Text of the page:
Monday, January 19, 2015

Richest 1% is about to own more than everyone else put together: Oxfam


Published: Jan 19, 2015 8:46 a.m. ET

Jab at the wealthy comes just ahead of Davos gathering

Time (EST)10:0011:0012:001:002:003:004:00
We all know the rich are getting richer and the poor are getting poorer — but the inequality gap may be widening faster than you think. Within two years, the top 1% will have more wealth than the remaining 99% of people on the planet, a new study says.
Just in time for the billionaire-and-politician get-together in Davos, Switzerland, Oxfam’s report on Monday lays out the increasing concentration of global wealth among a small elite.
This first chart, based on Credit Suisse Data from 2000-2014, shows how the bottom 99% has been losing wealth over the past decade or so, and the top 1% has been gaining:
Share of global wealth of the top 1% and bottom 99% respectively. Chart by Oxfam on Jan 19, 2015, based on Credit Suisse data from 2000-2014.
“In 2014, the richest 1% of people in the world owned 48% of global wealth, leaving just 52% to be shared between the other 99% of adults on the planet,” said development organization Oxfam in its report. Nearly all of that remainder is owned by people in the richest 20%, and just 5.5% goes to 80% of the world’s population.
And then here’s the depressing kicker: “If this trend continues, of an increasing wealth share to the richest, the top 1% will have more wealth than the remaining 99% of the people in just two years ... with the wealth share of the top 1% exceeding 50% by 2016,” said Oxfam.
Here’s the chart on that:
Share of global wealth of the top 1% and bottom 99% respectively, projecting 2010-2014 trend. Chart by Oxfam on Jan 19, 2015.
The most commonly cited source of wealth for the rich is a Wall Street connection, said Oxfam.
Among the “predominantly male and greying” elite who’ve made money from the financial sector is Berkshire Hathaway BRK.B, +1.10% BRK.A, +0.95%  chief Warren Buffett, whose pile increased 9% between 2013 and 2014 to $58.2 billion. He’s at the top, followed by Bloomberg LP founder Michael Bloomberg, worth $33 billion — a 22% gain on the previous year. Carl Icahn is third with a tally of $24.5 billion, up 23%.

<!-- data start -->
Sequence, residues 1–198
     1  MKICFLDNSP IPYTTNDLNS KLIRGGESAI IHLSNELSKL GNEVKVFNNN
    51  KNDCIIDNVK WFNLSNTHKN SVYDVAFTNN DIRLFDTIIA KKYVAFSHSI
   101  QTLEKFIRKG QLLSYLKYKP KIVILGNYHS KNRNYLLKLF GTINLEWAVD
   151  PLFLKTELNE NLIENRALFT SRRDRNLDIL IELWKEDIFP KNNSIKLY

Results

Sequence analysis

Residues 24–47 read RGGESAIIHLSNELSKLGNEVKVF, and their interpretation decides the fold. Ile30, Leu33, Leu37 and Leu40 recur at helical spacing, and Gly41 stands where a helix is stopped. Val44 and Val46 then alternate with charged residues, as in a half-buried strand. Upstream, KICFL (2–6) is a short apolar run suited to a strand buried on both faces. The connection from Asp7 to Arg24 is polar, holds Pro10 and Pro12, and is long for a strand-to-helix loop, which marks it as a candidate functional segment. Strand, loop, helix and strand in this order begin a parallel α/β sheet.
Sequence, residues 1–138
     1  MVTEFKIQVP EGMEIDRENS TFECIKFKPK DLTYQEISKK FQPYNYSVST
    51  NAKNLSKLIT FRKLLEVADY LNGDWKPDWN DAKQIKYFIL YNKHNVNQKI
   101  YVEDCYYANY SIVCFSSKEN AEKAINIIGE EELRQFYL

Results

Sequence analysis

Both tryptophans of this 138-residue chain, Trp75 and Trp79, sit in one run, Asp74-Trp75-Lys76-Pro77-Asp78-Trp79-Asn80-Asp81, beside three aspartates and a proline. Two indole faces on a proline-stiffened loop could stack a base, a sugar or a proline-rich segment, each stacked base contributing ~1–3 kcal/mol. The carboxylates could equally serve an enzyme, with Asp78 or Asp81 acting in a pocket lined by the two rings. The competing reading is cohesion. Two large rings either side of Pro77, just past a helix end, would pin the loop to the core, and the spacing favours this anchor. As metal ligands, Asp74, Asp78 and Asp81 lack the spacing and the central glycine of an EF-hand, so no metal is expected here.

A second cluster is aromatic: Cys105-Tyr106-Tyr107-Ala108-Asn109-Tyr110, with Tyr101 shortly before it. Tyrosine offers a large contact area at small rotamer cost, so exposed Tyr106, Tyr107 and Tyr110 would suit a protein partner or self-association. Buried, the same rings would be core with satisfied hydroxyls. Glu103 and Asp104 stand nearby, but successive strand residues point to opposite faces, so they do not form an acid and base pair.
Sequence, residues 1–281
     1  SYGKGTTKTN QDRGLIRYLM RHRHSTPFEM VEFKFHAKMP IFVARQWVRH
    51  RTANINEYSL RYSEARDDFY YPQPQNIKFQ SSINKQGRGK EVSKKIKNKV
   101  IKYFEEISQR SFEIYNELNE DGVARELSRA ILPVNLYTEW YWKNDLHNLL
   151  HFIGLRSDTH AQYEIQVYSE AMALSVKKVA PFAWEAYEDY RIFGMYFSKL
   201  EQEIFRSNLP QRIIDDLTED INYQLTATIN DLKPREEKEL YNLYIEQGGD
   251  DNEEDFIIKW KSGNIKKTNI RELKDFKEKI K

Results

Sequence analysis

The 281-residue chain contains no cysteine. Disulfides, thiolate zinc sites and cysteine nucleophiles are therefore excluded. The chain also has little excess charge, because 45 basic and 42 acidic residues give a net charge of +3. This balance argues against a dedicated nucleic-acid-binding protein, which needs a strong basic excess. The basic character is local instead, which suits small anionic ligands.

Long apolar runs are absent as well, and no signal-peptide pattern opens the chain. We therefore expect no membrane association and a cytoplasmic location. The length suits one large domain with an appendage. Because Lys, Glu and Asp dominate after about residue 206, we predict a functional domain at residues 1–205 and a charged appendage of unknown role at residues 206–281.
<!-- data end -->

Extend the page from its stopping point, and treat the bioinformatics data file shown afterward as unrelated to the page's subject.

On November, Oxfam told us that the members of the “world’s richest” club makehalf-a-million bucks per minute, and that it would take Microsoft MSFT, +1.67% founder Bill Gates 218 years to spend all its wealth.
Hammering its point home a year ago, Oxfam told us that the wealth of the 85 richest people around the world was equal to the assets held by half the world’s population. That report was released ahead of the 2014 edition of the World Economic Forum in Davos.
In 2010, it took 388 billionaires to equal the wealth of the bottom half of the world’s population. Last year, that figure was down to just 80, said Oxfam. In other words, 3.5 billion people together owned the same amount as 80 wealthy people. Here’s the chart that lays that out:
Number of billionaires it takes to have accumulated the same amount of wealth as the bottom 50% of the global population: Oxfam chart published Jan. 19, 2015.
Blame QE? Blogger Notayesmanseconomics took a look at how much expansionary monetary policy, such as quantitative easing, has raised inequality. The European Central Bank is widely expected to announce plans to buy sovereign debt later this week. The blogger notes that in July 2012, the Bank of England itself said QE had led to a demand for assets such as corporate bonds and equities.
“Who owns the most equities? The richest and the wealthiest of course, so we see something of a QED for QE,” said the blogger.
He also points to problems with Oxfam’s methodology, citing commentary by Felix Salmon. The former Reuters columnist took issue with how it aggregated wealth among the poor.
“Some poor people have modest savings; some poor people are deeply in debt; some poor people have nothing at all. (Also, some rich people are deeply in debt, which helps to throw off the statistics.) By lumping them all together and aggregating all those positive and negative ledger balances, you arrive at a number which is inevitably going to be low, but which is also largely meaningless,” Felix wrote.

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